In Wilson v. Sellers, 584 U.S. ___ (2018), the Supreme Court addressed the issue of how federal courts should handle habeas petitions where the state appellate court merely summarily affirmed or denied a lower court ruling without a reasoned opinion. The Court, in a 6-3 ruling, held that, in such cases, federal courts must “look through” to the lower court’s ruling and are entitled to presume that the state appellate court adopted that ruling and the reasoning behind it. As Justice Breyer, writing for the majority explained, this “look through” approach was consistent with the Court’s holding in Ylst v. Nunnemaker, 501 U. S. 797 (1991) where federal courts “look through” unreasoned state appellate opinions to determine if the claim at issue was decided on an independent state law ground. However, Ylst only creates a “presumption” that the appellate court adopted the lower court’s reasoning and that presumption can be rebutted where, for example, “convincing alternative arguments for affirmance” were made to the state appellate court.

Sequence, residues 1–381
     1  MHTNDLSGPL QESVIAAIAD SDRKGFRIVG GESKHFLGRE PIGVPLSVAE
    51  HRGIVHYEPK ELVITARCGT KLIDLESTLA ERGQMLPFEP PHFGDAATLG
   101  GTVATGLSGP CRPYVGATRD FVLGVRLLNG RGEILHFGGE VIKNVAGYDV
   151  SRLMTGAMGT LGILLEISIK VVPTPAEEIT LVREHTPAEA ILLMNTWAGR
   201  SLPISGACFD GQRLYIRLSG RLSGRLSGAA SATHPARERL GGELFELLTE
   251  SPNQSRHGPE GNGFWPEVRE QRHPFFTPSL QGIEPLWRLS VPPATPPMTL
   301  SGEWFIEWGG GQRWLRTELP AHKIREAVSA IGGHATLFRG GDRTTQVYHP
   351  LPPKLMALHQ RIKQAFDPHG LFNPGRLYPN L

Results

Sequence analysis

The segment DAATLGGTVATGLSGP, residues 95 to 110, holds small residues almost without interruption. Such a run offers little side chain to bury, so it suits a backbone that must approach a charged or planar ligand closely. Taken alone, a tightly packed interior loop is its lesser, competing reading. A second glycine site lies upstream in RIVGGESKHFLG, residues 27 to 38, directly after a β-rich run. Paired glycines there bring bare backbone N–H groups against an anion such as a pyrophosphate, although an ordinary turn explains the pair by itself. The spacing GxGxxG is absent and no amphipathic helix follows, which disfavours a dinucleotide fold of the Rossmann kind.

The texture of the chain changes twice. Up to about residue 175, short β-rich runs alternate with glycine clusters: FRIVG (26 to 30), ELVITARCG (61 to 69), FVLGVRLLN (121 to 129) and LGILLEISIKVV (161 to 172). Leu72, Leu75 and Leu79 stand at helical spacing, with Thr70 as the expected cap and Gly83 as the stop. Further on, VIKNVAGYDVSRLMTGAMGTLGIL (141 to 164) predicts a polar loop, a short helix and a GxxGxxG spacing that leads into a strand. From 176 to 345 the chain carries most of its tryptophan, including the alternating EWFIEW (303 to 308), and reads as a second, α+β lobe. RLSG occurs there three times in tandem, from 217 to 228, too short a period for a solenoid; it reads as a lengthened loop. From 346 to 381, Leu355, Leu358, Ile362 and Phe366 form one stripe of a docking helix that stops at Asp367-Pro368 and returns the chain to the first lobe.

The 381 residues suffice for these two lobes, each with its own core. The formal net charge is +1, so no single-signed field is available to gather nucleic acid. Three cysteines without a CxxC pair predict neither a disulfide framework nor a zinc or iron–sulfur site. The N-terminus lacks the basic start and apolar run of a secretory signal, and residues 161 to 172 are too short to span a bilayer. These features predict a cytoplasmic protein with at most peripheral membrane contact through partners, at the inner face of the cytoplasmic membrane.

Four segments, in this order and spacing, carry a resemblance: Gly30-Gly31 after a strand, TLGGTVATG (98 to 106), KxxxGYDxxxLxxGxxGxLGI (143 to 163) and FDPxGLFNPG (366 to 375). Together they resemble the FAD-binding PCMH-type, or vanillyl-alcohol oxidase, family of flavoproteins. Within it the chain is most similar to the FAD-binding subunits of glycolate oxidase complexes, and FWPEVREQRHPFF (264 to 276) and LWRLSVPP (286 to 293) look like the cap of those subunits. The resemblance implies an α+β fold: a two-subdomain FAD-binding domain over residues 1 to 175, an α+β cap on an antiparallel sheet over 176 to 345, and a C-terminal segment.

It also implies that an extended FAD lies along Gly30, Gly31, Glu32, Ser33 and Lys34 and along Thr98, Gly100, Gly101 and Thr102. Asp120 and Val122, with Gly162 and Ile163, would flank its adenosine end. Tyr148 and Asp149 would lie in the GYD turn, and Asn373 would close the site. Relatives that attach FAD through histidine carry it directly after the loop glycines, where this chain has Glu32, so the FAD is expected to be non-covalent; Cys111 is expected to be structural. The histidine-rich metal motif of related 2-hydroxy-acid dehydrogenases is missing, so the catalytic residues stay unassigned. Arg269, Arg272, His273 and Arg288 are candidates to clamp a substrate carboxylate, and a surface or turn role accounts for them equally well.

The impact of Wilson will likely be limited. As Justice Breyer noted, every circuit except the Eleventh Circuit already applied a “look through” presumption. Nonetheless, by confirming that the Ylst presumption applies more broadly than to the question of whether a claim was decided on an independent state law ground, the Court has confirmed that federal courts can evaluate the merits of a federal claim even if the state appellate court did not provide a reasoned opinion.
In some cases, this might open up additional claims that a client can raise in federal court. In an era in which federal review of state habeas petitions is limited, the ability to raise such claims can make the difference between success and failure.
If you have any questions about post-conviction litigation, please contact Andrew Horne at email@example.com or (212) 374-9791.
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